Women who take a career break could see their pension reduced by as much as £3,800 a year, according to research by private bank Duncan Lawrie.
The report, which surveyed 2,059 people online and was conducted by YouGov on behalf of Duncan Lawrie, revealed that a quarter (25%) of respondents are currently taking a career break or plan to do so in the future.
For more than two-thirds (68%) of female respondents, the main reason for the break is to start, or look after, a family, while nearly one in ten (9%) see the break as an opportunity to travel or live abroad.
The research also found:
- 22% of female respondents planning a break have no idea how they are going to fund this time away from work.
- 28% of female respondents have made no plans to compensate for any loss, and only 11% plan to make up for it after returning to work by either working longer hours or by retiring later.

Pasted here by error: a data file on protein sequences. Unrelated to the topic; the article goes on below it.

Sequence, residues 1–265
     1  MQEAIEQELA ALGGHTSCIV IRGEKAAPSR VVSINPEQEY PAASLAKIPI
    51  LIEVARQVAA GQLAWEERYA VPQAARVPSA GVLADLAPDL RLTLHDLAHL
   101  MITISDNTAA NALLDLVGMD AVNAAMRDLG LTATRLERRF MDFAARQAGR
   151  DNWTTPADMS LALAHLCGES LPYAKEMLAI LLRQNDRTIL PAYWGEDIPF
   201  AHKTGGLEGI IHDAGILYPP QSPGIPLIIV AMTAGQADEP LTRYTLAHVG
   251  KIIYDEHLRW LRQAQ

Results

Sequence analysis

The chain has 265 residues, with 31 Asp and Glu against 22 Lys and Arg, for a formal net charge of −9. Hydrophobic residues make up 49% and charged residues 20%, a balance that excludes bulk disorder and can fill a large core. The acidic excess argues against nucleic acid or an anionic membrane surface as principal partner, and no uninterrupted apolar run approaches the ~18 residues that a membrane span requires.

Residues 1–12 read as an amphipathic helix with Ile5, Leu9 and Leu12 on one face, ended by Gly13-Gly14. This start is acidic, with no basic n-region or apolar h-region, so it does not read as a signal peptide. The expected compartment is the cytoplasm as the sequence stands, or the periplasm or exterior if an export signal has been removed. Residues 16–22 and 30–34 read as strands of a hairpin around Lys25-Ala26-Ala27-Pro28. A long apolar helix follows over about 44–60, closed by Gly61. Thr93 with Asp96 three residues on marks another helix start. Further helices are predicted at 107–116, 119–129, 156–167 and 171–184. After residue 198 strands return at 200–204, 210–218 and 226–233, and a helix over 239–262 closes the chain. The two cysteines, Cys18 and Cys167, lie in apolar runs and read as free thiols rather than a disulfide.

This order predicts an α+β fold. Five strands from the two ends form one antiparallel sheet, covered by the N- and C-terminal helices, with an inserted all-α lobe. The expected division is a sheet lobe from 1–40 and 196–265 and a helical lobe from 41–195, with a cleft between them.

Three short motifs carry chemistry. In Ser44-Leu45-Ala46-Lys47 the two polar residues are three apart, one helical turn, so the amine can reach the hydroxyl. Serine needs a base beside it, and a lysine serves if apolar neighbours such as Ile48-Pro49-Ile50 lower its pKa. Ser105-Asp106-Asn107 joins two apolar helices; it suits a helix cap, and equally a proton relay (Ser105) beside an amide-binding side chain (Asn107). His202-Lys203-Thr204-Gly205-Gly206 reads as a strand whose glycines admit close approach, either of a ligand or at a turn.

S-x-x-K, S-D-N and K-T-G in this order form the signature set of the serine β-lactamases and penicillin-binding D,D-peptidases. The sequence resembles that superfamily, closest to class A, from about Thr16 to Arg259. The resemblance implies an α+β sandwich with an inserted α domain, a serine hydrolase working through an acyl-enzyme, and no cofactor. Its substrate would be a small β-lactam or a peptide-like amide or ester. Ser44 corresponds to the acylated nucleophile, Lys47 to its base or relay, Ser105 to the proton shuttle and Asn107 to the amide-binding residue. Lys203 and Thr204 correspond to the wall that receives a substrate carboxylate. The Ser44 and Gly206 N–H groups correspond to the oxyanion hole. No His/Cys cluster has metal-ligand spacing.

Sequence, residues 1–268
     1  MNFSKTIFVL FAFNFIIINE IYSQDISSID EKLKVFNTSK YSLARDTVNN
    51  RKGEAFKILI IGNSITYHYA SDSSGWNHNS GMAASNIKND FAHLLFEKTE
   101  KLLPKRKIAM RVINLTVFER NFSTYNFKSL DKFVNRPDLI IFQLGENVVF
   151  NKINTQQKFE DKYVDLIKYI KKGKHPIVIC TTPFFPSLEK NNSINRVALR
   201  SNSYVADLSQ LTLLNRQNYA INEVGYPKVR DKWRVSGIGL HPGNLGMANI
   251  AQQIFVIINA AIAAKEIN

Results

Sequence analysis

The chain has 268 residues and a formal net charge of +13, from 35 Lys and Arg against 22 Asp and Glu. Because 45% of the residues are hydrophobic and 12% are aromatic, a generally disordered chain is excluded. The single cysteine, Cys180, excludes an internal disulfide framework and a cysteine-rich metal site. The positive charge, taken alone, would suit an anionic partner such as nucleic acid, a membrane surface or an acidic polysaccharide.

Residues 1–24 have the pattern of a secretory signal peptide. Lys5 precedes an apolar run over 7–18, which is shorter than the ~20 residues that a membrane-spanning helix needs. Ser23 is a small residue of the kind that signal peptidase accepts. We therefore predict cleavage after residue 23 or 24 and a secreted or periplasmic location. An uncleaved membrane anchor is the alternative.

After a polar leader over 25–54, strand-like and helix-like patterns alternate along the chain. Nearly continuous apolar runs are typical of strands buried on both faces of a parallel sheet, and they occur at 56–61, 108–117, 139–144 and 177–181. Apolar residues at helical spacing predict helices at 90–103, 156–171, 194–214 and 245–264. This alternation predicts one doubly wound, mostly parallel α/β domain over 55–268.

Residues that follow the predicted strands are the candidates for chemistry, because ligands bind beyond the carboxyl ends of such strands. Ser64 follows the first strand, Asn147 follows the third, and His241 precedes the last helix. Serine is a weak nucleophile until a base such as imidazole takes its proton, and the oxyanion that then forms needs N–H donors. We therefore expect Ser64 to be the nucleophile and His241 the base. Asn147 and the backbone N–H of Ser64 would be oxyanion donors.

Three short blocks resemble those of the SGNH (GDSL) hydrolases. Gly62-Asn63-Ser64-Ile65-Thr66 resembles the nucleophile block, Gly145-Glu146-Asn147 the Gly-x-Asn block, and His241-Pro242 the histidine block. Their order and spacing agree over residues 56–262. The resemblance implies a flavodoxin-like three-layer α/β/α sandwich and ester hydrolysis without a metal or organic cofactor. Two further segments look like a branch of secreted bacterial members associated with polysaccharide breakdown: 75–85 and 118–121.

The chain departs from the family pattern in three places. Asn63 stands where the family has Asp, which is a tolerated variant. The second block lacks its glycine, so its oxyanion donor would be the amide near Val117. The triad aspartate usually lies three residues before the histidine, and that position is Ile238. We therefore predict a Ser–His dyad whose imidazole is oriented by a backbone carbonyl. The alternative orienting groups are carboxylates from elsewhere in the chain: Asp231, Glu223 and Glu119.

- 24% of female respondents do not think taking a career break will have a negative impact on their pension.
- 13% of male respondents are planning to take, or are currently taking, a career break and more than half (53%) are already setting money aside in order to be able to afford it.
- 11% of male respondents said the main reason to take time off is for childcare, while 29% choose to take time out to travel or live abroad.
Richard Boyd, a chartered financial planner at Duncan Lawrie (pictured), said: “When travelling or starting a family, pension planning is never going to be anyone’s primary concern.
“For some, a pension might be one spinning plate too many to manage, but its importance cannot be underestimated.
“Those that do let the plate fall may live to regret their decision later down the line.
“Funding in retirement is one of the greater economic issues that our country faces. While the government seeks ways of understanding how to better fund state pensions, people should be looking out for themselves and at their family’s long-term financial security.”